Most people play Russian Roulette with a six-chambered revolver, like the one you left me that I keep under my pillow. Insert one cartridge, spin, press the metal to your temple, pull the trigger. Easy. If you don’t die, you pass the gun off. The new person can either spin the cylinder again, thus making their chances at death a fresh 17%, or they can simply pull the trigger. A one in five chance at bravado or suicide.
But I play Russian Roulette with five bullets.
You always loved facts and statistics. You counted cracks in the sidewalk, wondered at how many people had stepped in the exact same place you had.
“Life is not composed of numbers,” I’d tell you.
“Life is a series of variables and constants equal to zero. I’m solving it,” you’d reply.
You told me you loved me for the first time at the beach, but you seemed distracted. “Since 1985, at least 20 people have died from being buried in the sand,” you said quietly, letting the grains trickle between your fingers like an hourglass.
“What are you counting down to?” I joked, motioning to the timepiece created at your fingertips, but you didn’t hear me. The sand was tossed carelessly aside and you instead picked up a conch shell. You held it to your ear with one hand, and motioned for me to be quiet with the other. I watched the waves creep closer as you listened to the sound of your own heart beating for a full minute.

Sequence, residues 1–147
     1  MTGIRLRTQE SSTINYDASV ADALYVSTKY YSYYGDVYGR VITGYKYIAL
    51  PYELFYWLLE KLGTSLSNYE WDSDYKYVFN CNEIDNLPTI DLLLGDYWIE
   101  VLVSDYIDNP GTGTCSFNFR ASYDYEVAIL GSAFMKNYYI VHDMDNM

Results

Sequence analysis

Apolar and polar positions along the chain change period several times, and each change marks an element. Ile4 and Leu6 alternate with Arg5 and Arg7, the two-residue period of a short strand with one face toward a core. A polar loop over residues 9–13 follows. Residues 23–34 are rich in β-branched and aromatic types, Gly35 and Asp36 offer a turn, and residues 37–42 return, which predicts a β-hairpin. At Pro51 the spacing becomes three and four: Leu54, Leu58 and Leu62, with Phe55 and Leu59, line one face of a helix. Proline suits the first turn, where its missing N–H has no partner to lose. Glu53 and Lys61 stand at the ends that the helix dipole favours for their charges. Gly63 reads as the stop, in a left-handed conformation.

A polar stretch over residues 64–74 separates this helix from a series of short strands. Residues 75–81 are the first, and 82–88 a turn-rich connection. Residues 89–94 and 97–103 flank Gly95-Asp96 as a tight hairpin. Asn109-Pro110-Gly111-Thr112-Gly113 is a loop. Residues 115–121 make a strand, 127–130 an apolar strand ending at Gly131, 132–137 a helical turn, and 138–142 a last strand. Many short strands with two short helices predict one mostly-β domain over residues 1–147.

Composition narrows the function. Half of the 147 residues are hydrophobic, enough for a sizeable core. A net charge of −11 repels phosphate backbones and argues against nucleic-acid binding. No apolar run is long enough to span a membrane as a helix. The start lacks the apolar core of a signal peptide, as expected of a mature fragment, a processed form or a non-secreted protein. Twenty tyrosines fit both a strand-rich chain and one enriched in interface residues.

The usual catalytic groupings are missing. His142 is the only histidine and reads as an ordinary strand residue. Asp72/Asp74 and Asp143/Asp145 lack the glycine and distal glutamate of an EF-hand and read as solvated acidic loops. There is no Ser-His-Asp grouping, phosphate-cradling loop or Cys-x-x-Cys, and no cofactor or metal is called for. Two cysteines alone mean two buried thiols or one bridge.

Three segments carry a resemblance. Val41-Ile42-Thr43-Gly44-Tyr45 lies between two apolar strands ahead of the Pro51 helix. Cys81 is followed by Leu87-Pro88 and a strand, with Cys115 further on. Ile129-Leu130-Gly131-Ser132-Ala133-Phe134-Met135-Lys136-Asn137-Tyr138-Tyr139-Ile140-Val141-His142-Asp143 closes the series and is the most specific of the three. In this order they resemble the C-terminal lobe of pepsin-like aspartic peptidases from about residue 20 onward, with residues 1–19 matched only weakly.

I told you I loved you every night before we fell asleep, but you never seemed to want to hear it. “Did you know that kissing for one minute burns twenty-six calories?” I tried to kiss you, but you rolled over and over, holding the blankets to you, a cocoon. “Wake me in a month; I’ll be a butterfly by then.”
“Some butterflies only live for a few days” I laughed, tugging on the blankets to free you.
“Don’t," you said, and closed your eyes.
I like to think I’m giving myself a chance every time I finger the trigger ; the same kind of chance you never gave me. Maybe if I’d known the average number of times two people will say “I love you” in a relationship, then you’d still be here. Maybe if I’d known the duration of the average relationship, I’d better have been able to prepare myself. Maybe if I had surrounded myself in cold, sterile statistics, I could write how you lived in an equation. I could solve you.
There were three "I love you"s and seven “don’t do this”s and only one “you have so much life left to live!”s. You smiled at me, in an empathetic and wise way, and then held the gun to your temple.
“Yes, but on a long enough time line
, the survival rate of everyone drops to zero.”
credit to palahniuk for the final line. fight club is inspiration at its finest.